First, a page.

It's common knowledge that you must start IRA distributions when 70 and use either of 2 methods to deminish the account-- but-- If you start to withdraw assets shortly after reaching 59 1/2, is there any time frame that the account must be depleted by? I have never read anything about this method although it must be the most commonly used. Heck, I need my money then, not at 70. Thanks in advance, Jim
Jim,One way is to use the IRS Pub 590, Annex E Table "-- Life Expectancy Tables and the Table for Determining Applicable Divisor for MDIB (Minimum Distribution Incidental Benefit). These tables are included to assist you in computing your required minimum distribution amount if you have not taken all your assets from all your traditional IRAs before age 70 1/2."This may be found at http://www.irs.gov/forms_pubs/pubs/p5909901.htm It provides a divisor for determining annual withdrawal either based on a sing or joint life expectancy.Ron W.I'm currently using this method to draw down on my pre-tax IRAs.
for Jim:After reaching age 59.5 and before reaching age 70.5, your IRA withdrawals can be as large or as small as you wish, with each year's withdrawal determined at your own preference and regardless of what you have done in other years. The consequences of these withdrawals are current income taxes, current money to spend, and less left in the tax sheltered account. When you have to start withdrawals, if you select the term-certain method, you have to completely empty the IRA over that term -- currently it is 16 years for a person 70 years old. This might lead to some remarkably high income taxes in the last few years of withdrawal. If, instead you select the recalculation method, there is NO time frame during which the account must be deleted. After you chose a distribution method, you have only established a minimum withdrawal. You can take more. You need not spend what you withdraw, but can invest it in a taxable account. In short, withdrawal rate does not have to be the same is consumption rate. Your heirs may care which withdrawal method you select, but for greatest freedom to chose current withdrawals, you need the recalculation method, which will give you lower minimum required withdrawals and help you avoid outliving your IRA.You said that you need your IRA withdrawals, implying that your other retirement assets wouldn't cover your expenses from the time you retire until age 70. It takes some calculation to determine when and whether you have or will have enough assets to retire and a lot more calculation to determine the best rate of drawing from you taxable and tax-sheltered accounts.I recommend that you check any answers you get on such questions against some authority. My reference for what I've said here is http://www.irs.ustreas.gov/forms_pubs/pubs/p590toc.htm Publication 590. Individual Retirement Arrangements (IRAs), but I may have misunderstood it. Also, I haven't considered here the possibility that your withdrawals will be based on the life-expectancy of TWO people.Chips, happily retired over six years now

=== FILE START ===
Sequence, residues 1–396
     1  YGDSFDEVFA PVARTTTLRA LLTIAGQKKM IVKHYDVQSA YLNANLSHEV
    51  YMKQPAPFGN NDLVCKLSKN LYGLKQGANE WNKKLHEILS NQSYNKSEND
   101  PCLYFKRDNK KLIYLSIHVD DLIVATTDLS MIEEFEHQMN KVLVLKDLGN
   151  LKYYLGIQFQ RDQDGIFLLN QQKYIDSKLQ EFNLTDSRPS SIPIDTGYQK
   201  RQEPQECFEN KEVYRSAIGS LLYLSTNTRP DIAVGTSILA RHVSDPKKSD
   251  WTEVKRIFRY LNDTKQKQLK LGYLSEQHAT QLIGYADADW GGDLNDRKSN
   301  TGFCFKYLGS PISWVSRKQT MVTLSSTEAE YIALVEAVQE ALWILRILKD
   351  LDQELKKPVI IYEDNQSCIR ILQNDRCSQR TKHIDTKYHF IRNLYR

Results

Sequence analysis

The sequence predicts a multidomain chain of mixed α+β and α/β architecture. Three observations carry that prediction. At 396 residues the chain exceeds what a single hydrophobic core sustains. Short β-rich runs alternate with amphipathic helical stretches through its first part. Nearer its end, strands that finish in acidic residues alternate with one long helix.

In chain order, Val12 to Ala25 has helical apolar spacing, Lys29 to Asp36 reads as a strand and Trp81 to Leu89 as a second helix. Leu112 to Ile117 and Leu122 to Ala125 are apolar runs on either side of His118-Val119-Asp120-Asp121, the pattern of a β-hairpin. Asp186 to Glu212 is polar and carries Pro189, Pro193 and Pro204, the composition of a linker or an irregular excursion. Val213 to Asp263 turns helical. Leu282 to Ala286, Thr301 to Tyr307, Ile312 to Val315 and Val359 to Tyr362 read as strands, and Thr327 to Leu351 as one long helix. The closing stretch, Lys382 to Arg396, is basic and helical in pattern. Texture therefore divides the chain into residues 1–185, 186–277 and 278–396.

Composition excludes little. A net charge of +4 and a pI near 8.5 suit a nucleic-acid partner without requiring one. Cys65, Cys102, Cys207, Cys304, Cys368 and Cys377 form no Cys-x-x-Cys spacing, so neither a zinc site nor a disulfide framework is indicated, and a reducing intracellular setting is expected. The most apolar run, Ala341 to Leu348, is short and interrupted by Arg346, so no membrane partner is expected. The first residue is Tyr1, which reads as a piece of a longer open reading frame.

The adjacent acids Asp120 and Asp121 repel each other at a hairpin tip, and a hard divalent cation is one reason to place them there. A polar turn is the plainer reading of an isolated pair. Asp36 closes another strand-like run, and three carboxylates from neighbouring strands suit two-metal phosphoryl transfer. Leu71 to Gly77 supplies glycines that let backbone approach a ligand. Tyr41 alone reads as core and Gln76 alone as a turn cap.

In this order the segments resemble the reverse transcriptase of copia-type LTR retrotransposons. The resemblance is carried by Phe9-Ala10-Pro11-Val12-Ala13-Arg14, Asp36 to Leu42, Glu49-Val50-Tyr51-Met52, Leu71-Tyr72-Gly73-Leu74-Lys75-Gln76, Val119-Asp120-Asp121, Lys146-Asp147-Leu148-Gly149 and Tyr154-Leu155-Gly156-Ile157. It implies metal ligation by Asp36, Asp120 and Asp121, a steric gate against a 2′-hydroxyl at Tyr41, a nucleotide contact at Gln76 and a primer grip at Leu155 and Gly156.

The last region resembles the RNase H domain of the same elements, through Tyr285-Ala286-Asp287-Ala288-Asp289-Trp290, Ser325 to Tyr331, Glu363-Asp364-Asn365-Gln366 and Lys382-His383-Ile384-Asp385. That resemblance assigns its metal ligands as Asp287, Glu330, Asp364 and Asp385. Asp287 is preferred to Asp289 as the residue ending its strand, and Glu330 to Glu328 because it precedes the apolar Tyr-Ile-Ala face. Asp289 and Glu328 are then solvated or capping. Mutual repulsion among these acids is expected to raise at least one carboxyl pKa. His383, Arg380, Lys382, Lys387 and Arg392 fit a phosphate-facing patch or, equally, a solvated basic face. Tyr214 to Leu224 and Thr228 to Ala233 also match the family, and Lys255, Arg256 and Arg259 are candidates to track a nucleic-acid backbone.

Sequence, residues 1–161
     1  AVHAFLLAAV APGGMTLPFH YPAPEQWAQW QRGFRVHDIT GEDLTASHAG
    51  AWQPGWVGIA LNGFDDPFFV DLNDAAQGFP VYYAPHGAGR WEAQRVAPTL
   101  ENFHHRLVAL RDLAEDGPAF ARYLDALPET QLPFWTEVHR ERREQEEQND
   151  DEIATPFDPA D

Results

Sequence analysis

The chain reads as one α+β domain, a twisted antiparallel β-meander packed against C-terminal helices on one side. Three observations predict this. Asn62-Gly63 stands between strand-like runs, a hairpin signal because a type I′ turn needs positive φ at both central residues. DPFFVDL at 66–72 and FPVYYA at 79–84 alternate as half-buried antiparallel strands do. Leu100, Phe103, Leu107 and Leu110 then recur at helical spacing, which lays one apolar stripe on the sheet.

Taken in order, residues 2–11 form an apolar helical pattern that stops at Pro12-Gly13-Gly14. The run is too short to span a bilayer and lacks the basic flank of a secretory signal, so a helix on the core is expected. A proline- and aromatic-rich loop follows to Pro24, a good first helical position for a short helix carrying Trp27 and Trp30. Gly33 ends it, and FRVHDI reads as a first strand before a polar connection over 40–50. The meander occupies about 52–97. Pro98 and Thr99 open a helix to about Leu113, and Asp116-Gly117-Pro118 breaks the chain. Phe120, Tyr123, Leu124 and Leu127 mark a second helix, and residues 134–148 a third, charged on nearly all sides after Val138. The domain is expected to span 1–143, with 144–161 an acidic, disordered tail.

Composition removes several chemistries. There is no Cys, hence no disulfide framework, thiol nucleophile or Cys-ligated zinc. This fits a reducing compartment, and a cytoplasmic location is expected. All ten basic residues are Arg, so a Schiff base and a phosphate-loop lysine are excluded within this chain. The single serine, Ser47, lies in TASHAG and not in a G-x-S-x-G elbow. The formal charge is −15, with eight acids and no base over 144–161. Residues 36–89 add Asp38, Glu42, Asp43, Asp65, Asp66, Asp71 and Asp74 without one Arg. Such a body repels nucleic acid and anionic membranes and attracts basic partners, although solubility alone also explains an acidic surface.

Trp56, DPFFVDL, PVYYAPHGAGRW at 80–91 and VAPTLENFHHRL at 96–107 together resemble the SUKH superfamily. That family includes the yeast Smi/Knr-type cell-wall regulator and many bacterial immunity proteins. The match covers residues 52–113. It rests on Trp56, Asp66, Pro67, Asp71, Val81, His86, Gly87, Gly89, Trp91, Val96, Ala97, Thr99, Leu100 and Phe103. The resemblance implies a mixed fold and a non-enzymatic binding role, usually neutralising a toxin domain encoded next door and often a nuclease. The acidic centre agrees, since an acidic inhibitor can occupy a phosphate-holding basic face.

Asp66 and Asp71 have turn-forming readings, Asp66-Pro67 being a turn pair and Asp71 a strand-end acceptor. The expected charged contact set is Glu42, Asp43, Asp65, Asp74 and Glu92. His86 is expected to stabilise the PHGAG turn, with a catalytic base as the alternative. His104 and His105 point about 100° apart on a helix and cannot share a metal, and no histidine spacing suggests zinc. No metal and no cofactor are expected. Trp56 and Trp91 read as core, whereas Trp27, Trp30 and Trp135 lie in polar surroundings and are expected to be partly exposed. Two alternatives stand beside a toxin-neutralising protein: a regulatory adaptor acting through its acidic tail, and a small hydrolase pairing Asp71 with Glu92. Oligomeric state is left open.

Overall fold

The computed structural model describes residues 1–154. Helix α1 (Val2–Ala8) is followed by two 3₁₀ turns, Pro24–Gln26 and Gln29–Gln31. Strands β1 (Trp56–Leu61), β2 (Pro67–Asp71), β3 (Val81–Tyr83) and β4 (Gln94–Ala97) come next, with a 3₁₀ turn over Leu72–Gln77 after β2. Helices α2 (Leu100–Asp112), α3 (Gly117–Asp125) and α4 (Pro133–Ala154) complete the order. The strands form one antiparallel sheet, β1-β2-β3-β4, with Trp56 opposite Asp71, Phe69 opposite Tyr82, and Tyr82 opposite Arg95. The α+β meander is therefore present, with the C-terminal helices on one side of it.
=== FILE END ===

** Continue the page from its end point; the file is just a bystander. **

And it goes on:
You can withdraw funds from an IRA after the the age of 59 1/2 penalty-free, but you still have to pay ordinary income tax in the year of the withdrawal. At 70 1/2 a new set of rules kick in. In that year the Custodian of the IRA will provide you with a form in which you will have to choose one of the three options for manditory withdrawals for future years. The calculation will be based on the valuation of your IRA on DEC 31st of the prior year, you become 79 1/2. You need to discuss the options with your Custodian because once they are made they are irrevokable! There is an excellent series of articles on IRA's being run currently by a TMF, you should take a look at it. - Matthew
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